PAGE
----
Monthly Archives: August 2015

Brain To Book Blog Tour Aug. 24th Day 32/#3

Mel Edwards



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Fast Facts

Author: Mel Edwards
Genre: nonfiction
Books: The Bold Way


IMG_1518Mel has a master’s degree in storytelling from East Tennessee State University. She is a defeater of depression, eLearning Pro, and (other than writing) she loves: bodybuilding, the arts, and nerdy stuff.


Everyone, it seems, tells you to find your passion, but few talk about your truth — that part of yourself that is undeniably you. Have you ever heard what happens if you ignore your truth? This book attacks the reality of self-denial, and gives step by step actions to discover, honor, and live a life that yokes your best traits to create a happy life worth living on your terms, your way.

The companion workbook is available separately for those who want to dig deeper and start immediately.


“I have had the opportunity to read and do the exercises suggested by Mel Edwards in her new book: The Bold Way. She uses a simple no nonsense approach to help you get out of the rut you are in and living the life of your dreams. I highly recommend this book and the companion workbook that goes with it” – Jocelyn Jones

Interview with Mel Edwards

mel_edwards_theboldAngela B. Chrysler: I want to take a moment to welcome Mel Edwards author of The Bold Way, The Bold Way Workbook and As Spirit Moves Me: Poems and Photographs of Everyday Life available on Amazon.

ABC Question: Thank you so much for speaking with me, Mel. Please take a moment to tell us about The Bold Way.

Mel Edwards: The Bold Way is about finding, claiming and living your truth. Your truth is who you essentially are. For example, from an early age I was a creative person. One of my first memories was of my mom asking me to sing her a song. Instead of just singing where I was, I found it necessary to move the hassock (ottoman) into the middle of our little living room floor, stand on top of it, stretch out my arms and belt a tune of nonsense sounds that were very operatic, in my opinion, at that age. That is what I thought singing was, and I honestly haven’t gotten far from that idea. For me, singing is performing. If I’m going to do it, I’m going to do it big.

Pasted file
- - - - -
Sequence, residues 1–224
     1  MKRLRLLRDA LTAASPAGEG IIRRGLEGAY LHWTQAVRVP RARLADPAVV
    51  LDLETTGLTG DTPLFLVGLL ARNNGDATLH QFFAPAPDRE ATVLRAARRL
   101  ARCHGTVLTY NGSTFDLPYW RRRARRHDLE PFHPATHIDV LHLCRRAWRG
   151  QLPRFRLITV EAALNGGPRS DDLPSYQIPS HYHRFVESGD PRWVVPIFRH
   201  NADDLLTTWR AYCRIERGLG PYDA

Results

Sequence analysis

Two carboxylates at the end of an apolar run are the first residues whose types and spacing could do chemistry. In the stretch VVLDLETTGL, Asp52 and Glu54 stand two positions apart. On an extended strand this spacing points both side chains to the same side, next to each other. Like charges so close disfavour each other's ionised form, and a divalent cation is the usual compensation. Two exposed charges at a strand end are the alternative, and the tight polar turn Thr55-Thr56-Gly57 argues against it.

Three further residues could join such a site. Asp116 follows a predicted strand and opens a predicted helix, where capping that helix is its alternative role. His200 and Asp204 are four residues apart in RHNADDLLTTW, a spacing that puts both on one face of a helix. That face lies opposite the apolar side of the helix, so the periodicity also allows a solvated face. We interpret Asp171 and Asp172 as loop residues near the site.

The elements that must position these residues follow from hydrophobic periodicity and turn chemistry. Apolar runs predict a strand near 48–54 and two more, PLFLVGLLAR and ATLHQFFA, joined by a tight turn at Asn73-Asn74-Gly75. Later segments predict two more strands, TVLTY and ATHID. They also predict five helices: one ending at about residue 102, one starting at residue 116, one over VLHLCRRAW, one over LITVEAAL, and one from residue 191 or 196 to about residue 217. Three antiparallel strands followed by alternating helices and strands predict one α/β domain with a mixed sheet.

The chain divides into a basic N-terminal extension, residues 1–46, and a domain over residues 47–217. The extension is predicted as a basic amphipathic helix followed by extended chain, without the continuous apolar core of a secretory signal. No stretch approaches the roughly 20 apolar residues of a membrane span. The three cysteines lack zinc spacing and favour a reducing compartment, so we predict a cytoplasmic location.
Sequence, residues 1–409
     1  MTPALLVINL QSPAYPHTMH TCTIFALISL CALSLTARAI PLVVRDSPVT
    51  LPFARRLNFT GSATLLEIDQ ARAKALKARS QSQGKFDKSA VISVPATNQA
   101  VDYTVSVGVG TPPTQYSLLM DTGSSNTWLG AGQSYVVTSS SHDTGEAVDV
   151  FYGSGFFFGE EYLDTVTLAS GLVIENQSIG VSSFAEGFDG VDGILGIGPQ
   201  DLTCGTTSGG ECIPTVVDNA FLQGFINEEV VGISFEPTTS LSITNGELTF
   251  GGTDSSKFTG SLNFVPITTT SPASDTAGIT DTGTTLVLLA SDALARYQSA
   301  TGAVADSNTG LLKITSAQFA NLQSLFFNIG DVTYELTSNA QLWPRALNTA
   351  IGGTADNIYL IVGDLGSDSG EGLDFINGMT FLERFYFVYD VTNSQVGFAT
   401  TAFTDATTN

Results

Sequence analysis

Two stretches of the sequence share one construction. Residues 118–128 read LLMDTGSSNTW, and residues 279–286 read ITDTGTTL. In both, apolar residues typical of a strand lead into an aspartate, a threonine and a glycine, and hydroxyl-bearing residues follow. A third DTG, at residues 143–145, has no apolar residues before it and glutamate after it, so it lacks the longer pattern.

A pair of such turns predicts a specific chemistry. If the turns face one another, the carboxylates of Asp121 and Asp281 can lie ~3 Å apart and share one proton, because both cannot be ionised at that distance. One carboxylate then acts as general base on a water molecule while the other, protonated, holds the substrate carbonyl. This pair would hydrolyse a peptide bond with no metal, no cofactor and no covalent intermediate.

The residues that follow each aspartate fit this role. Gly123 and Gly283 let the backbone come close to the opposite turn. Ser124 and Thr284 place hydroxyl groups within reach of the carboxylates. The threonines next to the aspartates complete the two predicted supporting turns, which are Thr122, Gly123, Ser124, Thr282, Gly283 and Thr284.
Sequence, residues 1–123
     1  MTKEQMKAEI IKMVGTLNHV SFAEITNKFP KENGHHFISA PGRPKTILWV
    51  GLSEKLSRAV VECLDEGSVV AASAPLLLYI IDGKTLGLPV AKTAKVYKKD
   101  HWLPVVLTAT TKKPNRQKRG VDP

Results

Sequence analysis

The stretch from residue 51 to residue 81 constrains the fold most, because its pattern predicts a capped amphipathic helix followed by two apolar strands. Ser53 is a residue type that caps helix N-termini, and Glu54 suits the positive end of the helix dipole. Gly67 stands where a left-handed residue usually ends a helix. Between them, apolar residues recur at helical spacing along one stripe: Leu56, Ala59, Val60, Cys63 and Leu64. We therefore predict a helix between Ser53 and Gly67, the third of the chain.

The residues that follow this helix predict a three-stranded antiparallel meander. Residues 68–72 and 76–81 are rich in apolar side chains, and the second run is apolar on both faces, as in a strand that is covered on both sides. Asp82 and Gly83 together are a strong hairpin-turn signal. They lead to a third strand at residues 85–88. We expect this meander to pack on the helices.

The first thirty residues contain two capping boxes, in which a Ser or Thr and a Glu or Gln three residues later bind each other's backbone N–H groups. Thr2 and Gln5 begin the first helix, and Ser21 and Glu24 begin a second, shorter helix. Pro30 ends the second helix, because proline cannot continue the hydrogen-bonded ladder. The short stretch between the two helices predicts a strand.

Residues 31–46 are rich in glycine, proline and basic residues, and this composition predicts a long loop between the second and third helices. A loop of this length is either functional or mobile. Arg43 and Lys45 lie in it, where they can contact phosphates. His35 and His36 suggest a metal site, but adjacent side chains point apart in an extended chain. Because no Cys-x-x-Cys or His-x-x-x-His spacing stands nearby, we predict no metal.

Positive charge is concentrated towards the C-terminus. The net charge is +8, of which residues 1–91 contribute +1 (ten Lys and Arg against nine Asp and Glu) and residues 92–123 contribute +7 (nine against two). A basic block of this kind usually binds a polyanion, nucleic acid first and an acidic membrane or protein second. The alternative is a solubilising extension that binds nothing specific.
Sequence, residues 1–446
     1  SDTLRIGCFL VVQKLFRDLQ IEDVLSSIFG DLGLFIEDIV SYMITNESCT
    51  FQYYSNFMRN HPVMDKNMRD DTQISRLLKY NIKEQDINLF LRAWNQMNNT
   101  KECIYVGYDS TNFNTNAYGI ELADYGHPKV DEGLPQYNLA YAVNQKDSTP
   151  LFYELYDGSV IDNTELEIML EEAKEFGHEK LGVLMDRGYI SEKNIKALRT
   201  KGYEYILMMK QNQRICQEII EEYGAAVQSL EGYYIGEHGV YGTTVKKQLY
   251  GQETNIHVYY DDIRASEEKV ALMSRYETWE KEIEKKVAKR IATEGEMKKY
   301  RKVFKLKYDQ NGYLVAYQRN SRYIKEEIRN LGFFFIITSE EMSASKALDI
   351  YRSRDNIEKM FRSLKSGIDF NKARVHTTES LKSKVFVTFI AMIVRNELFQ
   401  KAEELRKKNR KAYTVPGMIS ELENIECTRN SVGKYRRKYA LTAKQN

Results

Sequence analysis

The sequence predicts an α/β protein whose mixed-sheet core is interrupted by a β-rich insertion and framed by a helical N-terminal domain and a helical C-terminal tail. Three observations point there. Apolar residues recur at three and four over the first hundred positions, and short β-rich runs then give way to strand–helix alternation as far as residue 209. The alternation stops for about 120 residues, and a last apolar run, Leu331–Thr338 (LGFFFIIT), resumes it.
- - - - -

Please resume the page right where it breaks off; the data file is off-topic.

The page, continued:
ABC Question: How did you come up with the idea for your book?

Mel Edwards: There a hundreds of books out there about finding your passion, but I am passionate about many things: being kind to everyone, equality, empowerment, gardening and feeding yourself/family/community, learning all I can to create the life that I want and encouraging others to do the same. It is not a simple one word, one phrase answer for me, and, frankly, most people I speak with can’t put their passion into a word, phrase or box of any kind.

I want everyone to create joy by being who they’re best at being, as long as that causes no harm to themselves or others. Your best skills and greatest joys are part of your truth, and can be used in your passions, but they don’t have to be. For me, my truth is that I am a creative, curious person with an immense appreciation for beauty and excellence. I use all those things in my writing, teaching, art, gardening, and even watching others in action – from students to those I see in public. These things bring me incredible joy, and to foster that is to empower my own success and growth. Everyone deserves growth, successes, and excitement as they navigate their life journey. It is my hope The Bold Way will lead to such realizations for the readers.

ABC Question: What happens if you get so busy with your life that you don’t have time to work on your truth or passions? After all, most of us have bills to pay.

Mel Edwards: I’m glad you asked. In 2008 I had the opportunity to interview 75 creative women for a project I was completing called Shout: Kiss My Art! As I interviewed everyone I kept coming across this thread that when life got in the way, and they ignored their truth, bad things happened, almost as a warning or omen to take care of themselves. Those who ignored the warnings eventually had horrible things happen to them, including cancer, being told they’d never walk again, and multiple failed relationships from family and marriage to work.

In the end, I also ignored my truth to do a job that paid the bills, but had many shackles on my freedom of expression. People I loved and admired told me to keep at it because they loved my work, but I was miserable, and ended up clinically depressed. I wanted this book to come out immediately so people could hear the warnings and perhaps avoid the pitfalls that many of others experience when ignoring their truth.

ABC Question: Where can we find you and your book?

Mel Edwards: It is a Kindle book on Amazon, and the Spanish translation is coming out on my birthday, August 27th, with the German version coming out soon after that. The audio book is due out on Audible on my birthday as well. I picked that day because it was one I would remember.

ABC Question: What are your next steps?

Mel Edwards: The Bold Way was the first steps in getting people to realize how important being true to yourself really happens to be, but I also know stubborn folks, like myself, will say, “Sure, that might happen to others, but not to me!” just like I did. So, I’ve written Depression Smackdown, a book that spends half of it detailing my journey into depression and how I stopped my slide down the rabbit hole once I found myself in a position that I never dreamed I’ve be in. One day I woke up and said, “This is not me, my life or my path,” and went back to my truth.